SANTA CLARA COUNTY, CALIF. — The Santa Clara County Social Services Agency has received a $375,000 grant from the California Department of Social Services to implement the Get Fresh Project. Funding will support nutrition education for local low-income communities.
According to the 2010 Hunger in America Report, 68.8 percent of Santa Clara County pantry users are women with an average monthly income at 90.3 percent of the federal poverty level. The report indicates that 32 percent of the households have children age 0-5 and 9.9 percent have a family member 65 years and older. Low-income families who use food pantries will directly benefit from the Get Fresh project and learn about healthy eating choices on a limited budget.
“There is an overabundance of cheap, high-fat, and high-calorie food available in our communities, but healthy eating choices can be made, even on a limited budget,” said President Ken Yeager, County of Santa Clara Board of Supervisors. “This grant allows the County to build on its recent push to promote healthy eating, and ensure that poor nutrition doesn’t lead to poor health for our residents.”
In 2012, the California Department of Social Services awarded funding to the Santa Clara County Social Services Agency to collaborate with Second Harvest Food Bank of Santa Clara and San Mateo counties and County Public Health Department to provide nutrition education to CalFresh recipients. Since then, the Second Harvest Food Bank and Public Health Department have reached out to 25,704 low-income individuals.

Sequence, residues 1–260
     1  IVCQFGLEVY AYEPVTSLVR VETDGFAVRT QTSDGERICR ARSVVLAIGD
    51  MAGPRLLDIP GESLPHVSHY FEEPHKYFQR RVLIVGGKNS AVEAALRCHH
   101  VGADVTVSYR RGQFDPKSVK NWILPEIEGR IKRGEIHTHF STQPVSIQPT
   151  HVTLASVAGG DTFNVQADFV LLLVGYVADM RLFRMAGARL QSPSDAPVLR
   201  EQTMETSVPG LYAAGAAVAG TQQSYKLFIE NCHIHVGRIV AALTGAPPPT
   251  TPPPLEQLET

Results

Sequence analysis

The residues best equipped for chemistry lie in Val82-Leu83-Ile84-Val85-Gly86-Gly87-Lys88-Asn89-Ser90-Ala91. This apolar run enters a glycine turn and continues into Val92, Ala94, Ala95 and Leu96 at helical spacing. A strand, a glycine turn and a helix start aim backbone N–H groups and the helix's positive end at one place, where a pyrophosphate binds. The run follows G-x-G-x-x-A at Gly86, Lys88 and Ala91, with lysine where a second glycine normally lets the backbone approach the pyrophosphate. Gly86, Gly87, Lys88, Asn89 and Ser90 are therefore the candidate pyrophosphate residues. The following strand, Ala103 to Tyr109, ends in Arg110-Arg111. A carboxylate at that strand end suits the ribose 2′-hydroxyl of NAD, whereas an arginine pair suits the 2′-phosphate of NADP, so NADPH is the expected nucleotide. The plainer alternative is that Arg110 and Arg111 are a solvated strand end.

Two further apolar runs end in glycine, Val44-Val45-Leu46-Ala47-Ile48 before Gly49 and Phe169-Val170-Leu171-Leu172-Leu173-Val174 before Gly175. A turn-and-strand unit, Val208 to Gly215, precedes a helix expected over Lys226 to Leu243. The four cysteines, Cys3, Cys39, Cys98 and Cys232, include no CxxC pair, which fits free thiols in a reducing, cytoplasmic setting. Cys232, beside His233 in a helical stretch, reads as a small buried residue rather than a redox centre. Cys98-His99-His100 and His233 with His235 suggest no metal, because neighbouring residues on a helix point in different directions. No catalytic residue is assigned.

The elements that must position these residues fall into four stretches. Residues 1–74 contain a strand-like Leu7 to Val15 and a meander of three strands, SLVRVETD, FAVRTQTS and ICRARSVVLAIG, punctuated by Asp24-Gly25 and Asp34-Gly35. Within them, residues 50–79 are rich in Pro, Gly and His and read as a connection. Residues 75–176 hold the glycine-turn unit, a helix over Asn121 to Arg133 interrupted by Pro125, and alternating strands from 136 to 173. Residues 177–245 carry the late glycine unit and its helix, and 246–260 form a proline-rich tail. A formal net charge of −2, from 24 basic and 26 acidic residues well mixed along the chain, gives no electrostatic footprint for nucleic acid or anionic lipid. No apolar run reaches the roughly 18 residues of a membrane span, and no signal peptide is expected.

“The link between eating choices and health has been clearly established,” said County of Santa Clara Supervisor Joe Simitian, Chair of the Board’s Children, Seniors and Families Committee. “Through nutrition education, we can help County residents support their families and avoid costly health problems.”
The new Get Fresh funding will allow the Social Services Agency to continue partnering with the Second Harvest Food Bank to provide nutrition education to CalFresh recipients and CalFresh eligible residents. The County anticipates that from FYY 2013 through FYY 2015, the Get Fresh Project will reach out to approximately 26,200 low-income residents.
“Nutrition education can have long-lasting, positive effects on an individual’s health,” said Bruce Wagstaff, Director of Santa Clara County Social Services Agency. “For our clients, their families well-being is a priority. We want to support their goals with practical and beneficial information.”
The Get Fresh Project will include the train-the-trainer food safety classes; nutrition education, promotion of other food programs and resources; promotion of the use of the Electronic Benefits Transaction (EBT) cards to purchase healthy foods; and creation and distribution of healthy recipes and other healthy eating materials.
Media Contact: Gwendolyn Mitchell/Marina Hinestrosa, Office of Public Affairs (408) 299-5119; Stanley Lee, Social Services Agency (408) 755-7773; Rafaela Perez, Social Services Agency (408) 755-7734
Posted: August 8, 2013